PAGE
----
Main results

Any overall limitation in active ROM was 100% (95% CI, 0.93-1.00) sensitive for the presence of fracture. Inability to extend to full-locked position was also 100% (95% CI, 0.93- 1.00) sensitive, whereas flexion, supination, and pronation were each of significantly lower sensitivity. (see Table 2). Point tenderness at the olecranon, epicondyles, and radial head was 100% (95% CI, 0.93-1.00) sensitive for the

presence of fracture but only 67% (95% CI, 0.53-0.78) specific. The addition of point tenderness at the olecranon, epicondyles, and radial head did not improve the sensitivity or specificity of the active ROM maneuvers in detection of elbow fractures. Preservation of overall active ROM was 97% (95% CI, 0.89-1.00) specific for the absence of fracture. Extension to full locked position (0?), flexion to at least 90?, and pronation were each 100% (95% CI, 0.94-1.00) specific, whereas supination was 97% (95% CI, 0.89-1.00) specific.

Discussion

This was a prospective observational study using structured observations and recording of data. The inclusion criteria for enrollment included an age greater than or equal to 5 years, an elapsed time since injury of less than 24 hours, and an absence of alteration in mental status or inability to perform examination secondary to concomitant central nervous system injury/disease or intoxication. Patients with obvious deformities suggesting fracture or

Sensitivity (95% CI) Specificity (95% CI)

Overall ROM

100% (0.93-1.00)

97%

(0.885-1.00)

Extension

100% (0.93-1.00)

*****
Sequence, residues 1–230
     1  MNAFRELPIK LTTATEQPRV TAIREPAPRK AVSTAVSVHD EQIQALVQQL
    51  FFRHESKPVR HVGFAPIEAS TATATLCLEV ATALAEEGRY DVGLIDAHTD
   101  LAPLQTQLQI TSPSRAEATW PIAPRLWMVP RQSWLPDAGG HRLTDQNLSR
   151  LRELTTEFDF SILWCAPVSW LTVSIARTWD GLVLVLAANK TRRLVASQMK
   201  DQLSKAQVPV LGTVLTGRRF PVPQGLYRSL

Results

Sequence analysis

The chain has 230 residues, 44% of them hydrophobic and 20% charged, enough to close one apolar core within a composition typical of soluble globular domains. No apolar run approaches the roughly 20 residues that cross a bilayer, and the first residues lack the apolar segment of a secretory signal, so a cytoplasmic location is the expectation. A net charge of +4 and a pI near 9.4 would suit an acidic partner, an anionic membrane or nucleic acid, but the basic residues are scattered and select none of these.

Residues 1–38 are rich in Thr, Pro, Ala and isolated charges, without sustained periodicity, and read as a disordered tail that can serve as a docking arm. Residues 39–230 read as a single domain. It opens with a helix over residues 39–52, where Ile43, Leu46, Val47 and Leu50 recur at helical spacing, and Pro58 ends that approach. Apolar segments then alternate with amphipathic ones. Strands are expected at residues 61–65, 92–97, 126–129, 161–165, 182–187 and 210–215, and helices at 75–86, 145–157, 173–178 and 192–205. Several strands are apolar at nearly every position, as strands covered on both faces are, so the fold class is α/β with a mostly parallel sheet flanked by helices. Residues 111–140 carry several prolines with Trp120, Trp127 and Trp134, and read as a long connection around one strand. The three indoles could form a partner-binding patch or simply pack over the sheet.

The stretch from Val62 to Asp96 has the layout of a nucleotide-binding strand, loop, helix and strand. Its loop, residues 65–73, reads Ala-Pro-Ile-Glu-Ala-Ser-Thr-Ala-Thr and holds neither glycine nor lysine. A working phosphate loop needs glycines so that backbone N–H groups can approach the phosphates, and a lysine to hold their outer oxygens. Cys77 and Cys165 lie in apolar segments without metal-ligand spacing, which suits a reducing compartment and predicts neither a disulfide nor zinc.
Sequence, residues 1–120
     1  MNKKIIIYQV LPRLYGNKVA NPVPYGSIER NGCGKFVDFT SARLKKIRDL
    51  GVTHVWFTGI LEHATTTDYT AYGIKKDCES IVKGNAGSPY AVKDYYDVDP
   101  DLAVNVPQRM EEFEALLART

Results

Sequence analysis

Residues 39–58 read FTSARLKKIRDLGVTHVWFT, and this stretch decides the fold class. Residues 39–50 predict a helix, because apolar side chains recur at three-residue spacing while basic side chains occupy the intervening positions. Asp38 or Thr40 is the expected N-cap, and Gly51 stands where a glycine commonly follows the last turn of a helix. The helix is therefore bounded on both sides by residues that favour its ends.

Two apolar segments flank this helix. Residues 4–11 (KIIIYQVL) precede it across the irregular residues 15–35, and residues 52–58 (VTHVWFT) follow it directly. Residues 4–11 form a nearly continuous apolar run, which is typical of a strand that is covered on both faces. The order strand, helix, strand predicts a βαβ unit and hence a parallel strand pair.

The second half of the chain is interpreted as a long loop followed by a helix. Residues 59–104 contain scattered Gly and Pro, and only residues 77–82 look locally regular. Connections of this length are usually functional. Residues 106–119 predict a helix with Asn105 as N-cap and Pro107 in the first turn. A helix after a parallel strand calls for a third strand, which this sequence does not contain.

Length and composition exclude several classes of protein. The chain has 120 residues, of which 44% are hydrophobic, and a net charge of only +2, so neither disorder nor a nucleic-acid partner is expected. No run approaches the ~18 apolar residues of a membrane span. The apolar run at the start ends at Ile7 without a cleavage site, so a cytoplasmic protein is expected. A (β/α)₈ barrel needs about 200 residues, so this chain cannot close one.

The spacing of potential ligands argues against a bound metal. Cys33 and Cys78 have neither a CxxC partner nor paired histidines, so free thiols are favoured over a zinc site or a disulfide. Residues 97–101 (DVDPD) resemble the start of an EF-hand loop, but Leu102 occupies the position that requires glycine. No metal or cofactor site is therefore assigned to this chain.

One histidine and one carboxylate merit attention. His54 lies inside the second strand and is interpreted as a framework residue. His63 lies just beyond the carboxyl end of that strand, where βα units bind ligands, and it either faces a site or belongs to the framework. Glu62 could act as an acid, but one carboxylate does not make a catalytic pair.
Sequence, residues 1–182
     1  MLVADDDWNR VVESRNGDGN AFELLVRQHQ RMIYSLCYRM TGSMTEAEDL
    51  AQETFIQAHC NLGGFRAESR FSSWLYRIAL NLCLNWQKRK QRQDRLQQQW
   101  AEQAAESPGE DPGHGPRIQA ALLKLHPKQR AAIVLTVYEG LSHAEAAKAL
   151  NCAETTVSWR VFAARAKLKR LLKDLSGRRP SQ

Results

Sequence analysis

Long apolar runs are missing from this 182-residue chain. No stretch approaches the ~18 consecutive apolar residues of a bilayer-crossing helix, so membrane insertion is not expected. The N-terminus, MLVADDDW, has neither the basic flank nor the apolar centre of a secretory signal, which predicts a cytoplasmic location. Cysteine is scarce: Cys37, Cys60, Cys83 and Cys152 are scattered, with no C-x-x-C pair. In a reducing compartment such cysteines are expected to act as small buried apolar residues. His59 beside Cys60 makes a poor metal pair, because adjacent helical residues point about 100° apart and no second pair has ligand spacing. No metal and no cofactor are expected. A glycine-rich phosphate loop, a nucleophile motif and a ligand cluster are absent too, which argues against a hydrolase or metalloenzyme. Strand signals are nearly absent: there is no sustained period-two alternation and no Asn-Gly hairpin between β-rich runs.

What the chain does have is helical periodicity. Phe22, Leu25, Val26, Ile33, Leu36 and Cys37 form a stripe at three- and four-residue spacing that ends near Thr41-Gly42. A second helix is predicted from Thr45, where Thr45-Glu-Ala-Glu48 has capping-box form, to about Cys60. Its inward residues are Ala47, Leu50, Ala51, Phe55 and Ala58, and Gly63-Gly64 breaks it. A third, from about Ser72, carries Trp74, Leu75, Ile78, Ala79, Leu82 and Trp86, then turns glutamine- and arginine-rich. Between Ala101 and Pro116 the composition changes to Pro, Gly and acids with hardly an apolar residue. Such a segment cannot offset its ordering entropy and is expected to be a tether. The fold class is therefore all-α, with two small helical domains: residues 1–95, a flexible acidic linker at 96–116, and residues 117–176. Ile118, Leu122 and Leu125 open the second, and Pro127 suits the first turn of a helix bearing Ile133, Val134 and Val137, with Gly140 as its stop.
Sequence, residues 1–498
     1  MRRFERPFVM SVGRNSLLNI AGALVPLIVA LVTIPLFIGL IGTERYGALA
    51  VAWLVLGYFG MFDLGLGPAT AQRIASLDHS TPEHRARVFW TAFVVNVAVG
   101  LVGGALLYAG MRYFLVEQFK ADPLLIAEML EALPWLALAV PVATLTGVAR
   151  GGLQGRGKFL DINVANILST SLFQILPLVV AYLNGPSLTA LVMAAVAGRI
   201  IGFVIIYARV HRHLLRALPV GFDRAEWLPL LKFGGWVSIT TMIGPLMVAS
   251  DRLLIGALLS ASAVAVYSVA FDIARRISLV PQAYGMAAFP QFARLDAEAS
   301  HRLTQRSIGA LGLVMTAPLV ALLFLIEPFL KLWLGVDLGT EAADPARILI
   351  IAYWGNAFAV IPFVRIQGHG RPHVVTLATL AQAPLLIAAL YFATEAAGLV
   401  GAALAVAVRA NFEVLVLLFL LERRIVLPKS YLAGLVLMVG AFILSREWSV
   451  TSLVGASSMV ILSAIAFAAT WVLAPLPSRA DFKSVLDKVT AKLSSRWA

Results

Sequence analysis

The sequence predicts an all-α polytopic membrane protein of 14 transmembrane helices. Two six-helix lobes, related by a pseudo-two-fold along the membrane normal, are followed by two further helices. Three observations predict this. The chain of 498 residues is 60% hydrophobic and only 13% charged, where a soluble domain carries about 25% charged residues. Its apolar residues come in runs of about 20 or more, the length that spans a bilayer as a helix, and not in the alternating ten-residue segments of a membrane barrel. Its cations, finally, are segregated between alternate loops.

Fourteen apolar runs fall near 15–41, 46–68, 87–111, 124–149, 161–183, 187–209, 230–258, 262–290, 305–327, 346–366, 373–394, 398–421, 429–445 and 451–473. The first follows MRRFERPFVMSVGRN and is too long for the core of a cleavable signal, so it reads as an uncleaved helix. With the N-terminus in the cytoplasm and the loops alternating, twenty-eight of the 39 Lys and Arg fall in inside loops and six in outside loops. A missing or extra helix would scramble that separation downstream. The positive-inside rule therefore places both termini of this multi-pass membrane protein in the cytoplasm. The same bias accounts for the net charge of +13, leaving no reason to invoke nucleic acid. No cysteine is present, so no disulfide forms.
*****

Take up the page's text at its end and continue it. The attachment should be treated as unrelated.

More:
100%

(0.94-1.00)

Flexion

64% (0.50-0.69)

100%

(0.94-1.00)

Supination

43% (0.30-0.58)

97%

(0.885-1.00)

Pronation

34% (0.22-0.48)

100%

(0.94-1.00)

Point tenderness

100% (0.93-1.00)

67%

(0.53-0.78)

dislocation or evidence of vascular/neurologic dysfunction were excluded. Patients with other distracting injuries, such as Long bone fractures or antecedent elbow injury or medical condition limiting baseline mobility of the elbow (eg, palsy) were also excluded.

Table 2 Active range of motion sensitivity and specificity

Selection bias may have been introduced because of convenience sampling. Not all patients who met inclusion criteria were enrolled due to clinician nonparticipation/ nonenrollment, patient nonparticipation, or other factors. Attempts at limiting the effect of selection bias were made through the use of research assistant screening of patients with elbow trauma presenting to the academic ED for most hours on nearly all of the study days. Most patients were enrolled at this institution. Spectrum bias may have occurred because we enrolled patients only when the clinician felt a radiograph was indicated. However, these sites generally practiced a liberal ordering of radiographs. We did not evaluate interobserver examination variability. The sample size is small and contributes to relatively wide 95% CIs for both sensitivity and specificity. However, even with this small size, lack of full ROM of the elbow joint appears highly sensitive for fracture. We did not evaluate the effect of patient expectation of radiographic studies, nor did we evaluate mechanism of injury or patients who presented later than 24 hours from time of